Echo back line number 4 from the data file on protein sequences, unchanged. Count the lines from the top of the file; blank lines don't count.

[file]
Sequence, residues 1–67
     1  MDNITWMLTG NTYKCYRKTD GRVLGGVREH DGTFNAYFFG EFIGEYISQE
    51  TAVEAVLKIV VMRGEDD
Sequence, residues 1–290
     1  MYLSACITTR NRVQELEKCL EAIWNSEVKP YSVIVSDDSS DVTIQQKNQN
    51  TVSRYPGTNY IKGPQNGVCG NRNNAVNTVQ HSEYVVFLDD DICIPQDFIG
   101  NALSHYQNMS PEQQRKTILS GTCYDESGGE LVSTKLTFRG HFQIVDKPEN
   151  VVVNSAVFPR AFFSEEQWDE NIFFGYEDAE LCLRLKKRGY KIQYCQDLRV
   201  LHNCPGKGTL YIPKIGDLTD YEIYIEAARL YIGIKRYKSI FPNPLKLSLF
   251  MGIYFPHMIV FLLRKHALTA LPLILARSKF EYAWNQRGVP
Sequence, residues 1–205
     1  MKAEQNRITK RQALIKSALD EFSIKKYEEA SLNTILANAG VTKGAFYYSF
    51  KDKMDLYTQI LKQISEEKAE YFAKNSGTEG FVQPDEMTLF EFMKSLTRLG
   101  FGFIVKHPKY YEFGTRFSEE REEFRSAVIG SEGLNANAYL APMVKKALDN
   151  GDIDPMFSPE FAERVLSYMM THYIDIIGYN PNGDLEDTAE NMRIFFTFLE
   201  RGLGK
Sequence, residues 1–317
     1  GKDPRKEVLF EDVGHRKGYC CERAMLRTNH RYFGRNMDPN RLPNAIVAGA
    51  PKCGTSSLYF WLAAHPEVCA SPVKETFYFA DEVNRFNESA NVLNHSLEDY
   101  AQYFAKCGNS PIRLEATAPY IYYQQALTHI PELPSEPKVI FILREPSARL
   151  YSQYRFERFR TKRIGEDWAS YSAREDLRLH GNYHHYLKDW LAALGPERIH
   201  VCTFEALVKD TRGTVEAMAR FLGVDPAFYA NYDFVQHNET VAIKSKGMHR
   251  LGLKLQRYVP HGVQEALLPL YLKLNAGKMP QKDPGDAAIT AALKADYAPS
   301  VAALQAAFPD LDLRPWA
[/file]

Sequence, residues 1–290